Natsume Soseki (1867 – 1919) was the preeminent Father of Modern Japanese Literature (said to have begun after the Meiji Restoration in 1868). Born as Natsume Kin’nosuke, he was a precocious child and grew up to be extremely smart and outstanding. He studied at Tokyo Imperial University (present-day University of Tokyo) and was sent on a government scholarship to Britain where he learnt English Literature and interacted with Western culture. The effects of such close contact with a world so foreign to him proved debilitating.
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During his stay in London, Soseki was mentally disturbed and receded into himself. However, such mental disturbances did not plague him intermittently or temporarily. In fact, Soseki battled mental illnesses such as depression and suffered from physical illnesses like ulcers for as long as he lived. According to academic Jay Rubin, it would appear as if “The shadow of death hangs heavy over…Soseki’s career.” As such, before his death on 9 December 1916, Soseki was heavily preoccupied with mortality and the fragility of the human body. In addition, his interaction with the Western world had already enlightened him on the travails of Individualism and this would bear great significance in the work he produced. Published in 1914, two years before his death, “Kokoro” naturally encompassed several of these thematic concerns and is undeniably one of, if not, the best of Soseki’s works.
“Kokoro” follows an unnamed protagonist, referred to only as “I” in the pattern of traditional “I” novel – watakushi shosetsu- and his relationship with an individual named Sensei. The story is split into three main parts, namely – Sensei and I, My Parents and I and Sensei and His Testament. As their names suggest, these individual parts deal specifically with the characters with the last being formed out a letter sensei wrote to “I”. The protagonist is a young university student who is indubitably naive and hence, was attracted by what seemed like a hint of wisdom in the figure of sensei. As a result, he tags onto sensei, eager to “in all sincerity, learn about life”. Along the way, Soseki introduces a few characters, namely sensei’s wife, Shizu and in the flashback sequence, Shizu’s mother, his uncle as well as his friend, K. As for the main protagonist, his family forms the bulk of the second part.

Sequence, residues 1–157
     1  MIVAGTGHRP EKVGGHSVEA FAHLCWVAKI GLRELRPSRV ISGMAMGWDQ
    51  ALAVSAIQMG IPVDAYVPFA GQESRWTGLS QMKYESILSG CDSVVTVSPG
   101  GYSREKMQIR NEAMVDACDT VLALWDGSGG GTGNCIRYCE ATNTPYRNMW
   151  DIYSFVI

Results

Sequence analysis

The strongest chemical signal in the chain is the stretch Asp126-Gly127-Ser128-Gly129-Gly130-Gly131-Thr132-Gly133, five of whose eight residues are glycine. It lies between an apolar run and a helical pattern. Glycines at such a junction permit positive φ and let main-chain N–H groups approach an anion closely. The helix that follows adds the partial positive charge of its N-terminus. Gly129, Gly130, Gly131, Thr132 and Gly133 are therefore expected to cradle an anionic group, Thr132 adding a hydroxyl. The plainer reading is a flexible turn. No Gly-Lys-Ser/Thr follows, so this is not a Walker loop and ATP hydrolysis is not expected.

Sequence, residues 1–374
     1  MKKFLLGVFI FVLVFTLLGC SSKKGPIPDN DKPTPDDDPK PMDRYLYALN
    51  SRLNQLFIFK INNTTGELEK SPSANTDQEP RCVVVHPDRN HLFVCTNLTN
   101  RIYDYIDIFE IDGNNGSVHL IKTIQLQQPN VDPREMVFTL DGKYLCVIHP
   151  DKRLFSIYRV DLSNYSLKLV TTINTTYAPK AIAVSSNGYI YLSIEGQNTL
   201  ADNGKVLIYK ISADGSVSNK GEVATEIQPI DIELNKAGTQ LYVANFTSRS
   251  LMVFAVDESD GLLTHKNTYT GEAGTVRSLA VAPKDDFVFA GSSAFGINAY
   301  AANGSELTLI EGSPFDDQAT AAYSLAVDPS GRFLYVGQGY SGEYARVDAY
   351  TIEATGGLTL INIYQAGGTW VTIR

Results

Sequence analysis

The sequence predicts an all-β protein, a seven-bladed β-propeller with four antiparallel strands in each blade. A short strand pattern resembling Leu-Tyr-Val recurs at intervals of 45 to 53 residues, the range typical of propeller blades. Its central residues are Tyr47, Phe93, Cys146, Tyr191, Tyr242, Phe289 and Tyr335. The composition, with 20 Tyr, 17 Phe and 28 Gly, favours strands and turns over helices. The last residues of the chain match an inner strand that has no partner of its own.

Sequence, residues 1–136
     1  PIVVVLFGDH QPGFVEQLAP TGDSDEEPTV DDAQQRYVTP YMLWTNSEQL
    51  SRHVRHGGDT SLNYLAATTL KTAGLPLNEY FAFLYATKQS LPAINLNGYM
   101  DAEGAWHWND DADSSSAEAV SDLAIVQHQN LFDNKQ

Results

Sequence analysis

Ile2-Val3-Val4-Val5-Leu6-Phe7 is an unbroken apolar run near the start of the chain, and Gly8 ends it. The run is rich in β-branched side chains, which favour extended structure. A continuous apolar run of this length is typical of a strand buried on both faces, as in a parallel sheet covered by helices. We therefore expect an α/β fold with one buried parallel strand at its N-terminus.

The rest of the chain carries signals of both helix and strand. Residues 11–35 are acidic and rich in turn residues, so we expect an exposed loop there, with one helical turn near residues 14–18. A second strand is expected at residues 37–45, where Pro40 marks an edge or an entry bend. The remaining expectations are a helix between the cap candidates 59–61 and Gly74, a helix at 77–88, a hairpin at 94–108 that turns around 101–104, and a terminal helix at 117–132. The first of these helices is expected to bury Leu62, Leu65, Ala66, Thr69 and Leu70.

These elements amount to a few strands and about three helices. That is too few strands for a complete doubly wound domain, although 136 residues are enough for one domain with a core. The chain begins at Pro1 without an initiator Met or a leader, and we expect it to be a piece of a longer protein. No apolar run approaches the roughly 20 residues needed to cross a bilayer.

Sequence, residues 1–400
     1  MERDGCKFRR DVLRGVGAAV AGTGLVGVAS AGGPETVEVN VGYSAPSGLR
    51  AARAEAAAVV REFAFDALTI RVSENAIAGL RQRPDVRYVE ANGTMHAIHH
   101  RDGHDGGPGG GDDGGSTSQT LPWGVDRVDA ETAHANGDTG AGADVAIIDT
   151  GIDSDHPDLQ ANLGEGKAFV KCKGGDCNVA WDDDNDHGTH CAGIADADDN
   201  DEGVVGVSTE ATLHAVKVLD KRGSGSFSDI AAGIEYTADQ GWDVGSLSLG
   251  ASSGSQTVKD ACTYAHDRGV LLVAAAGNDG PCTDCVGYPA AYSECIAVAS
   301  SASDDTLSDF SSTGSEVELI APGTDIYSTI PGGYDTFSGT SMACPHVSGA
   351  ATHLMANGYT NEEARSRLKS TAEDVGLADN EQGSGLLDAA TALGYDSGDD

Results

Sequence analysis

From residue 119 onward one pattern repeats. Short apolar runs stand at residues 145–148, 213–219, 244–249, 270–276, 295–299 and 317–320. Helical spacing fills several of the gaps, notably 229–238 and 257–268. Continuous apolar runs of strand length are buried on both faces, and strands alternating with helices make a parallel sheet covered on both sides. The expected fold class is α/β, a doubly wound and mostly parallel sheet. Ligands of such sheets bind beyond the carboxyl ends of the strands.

“Kokoro” is a moving tale of the plight of the modern men and carries a more thematic rather than narrative tone. Soseki achieves this through a simplistic context, with a scarcity of characters, a lack of majestic settings or dialogues. The result is a simple and brief picture of how men tackle modernity, loneliness and love, all of which are extremely humane concerns. At times, this is brought out through such overt confessions, “I am a lonely man…[and] also a melancholy man,” as seen in the case of sensei opening up. Yet, even as we understand sensei’s melancholic disposition, we still feel as though he strays away from us unceasingly. Likewise, the young protagonist, who is only in University when he first met sensei, cannot claim to know sensei any better, therefore, it would seem as though their hearts are forever barred from each other. This is pervasive in the novel, as characters are often reticent in expressing themselves, which can be attributed to a form of restrictive social code of conduct, emphasising on the economy of speech and behaviour.
This would only change subtly and slowly as the Meiji era approaches its end. It is only in the last part that sensei exposes his bare heart, albeit in the most shocking fashion ever. By juxtaposing both sensei and the young protagonist, Soseki makes a concerted effort to compare the clash of tradition and modernity. This agency of comparison is also given to the characters as “I” reflects upon sensei’s reserved manner as a “timidity born of the conventions of a generation ago.” Being a part of the alleged trilogy including “And Then” and “The Gate”, “Kokoro” is Soseki’s masterful sleight-of-hand at painting the poignant tale of human suffering. The end result is nothing but memorable and relatable, transcending both time and culture.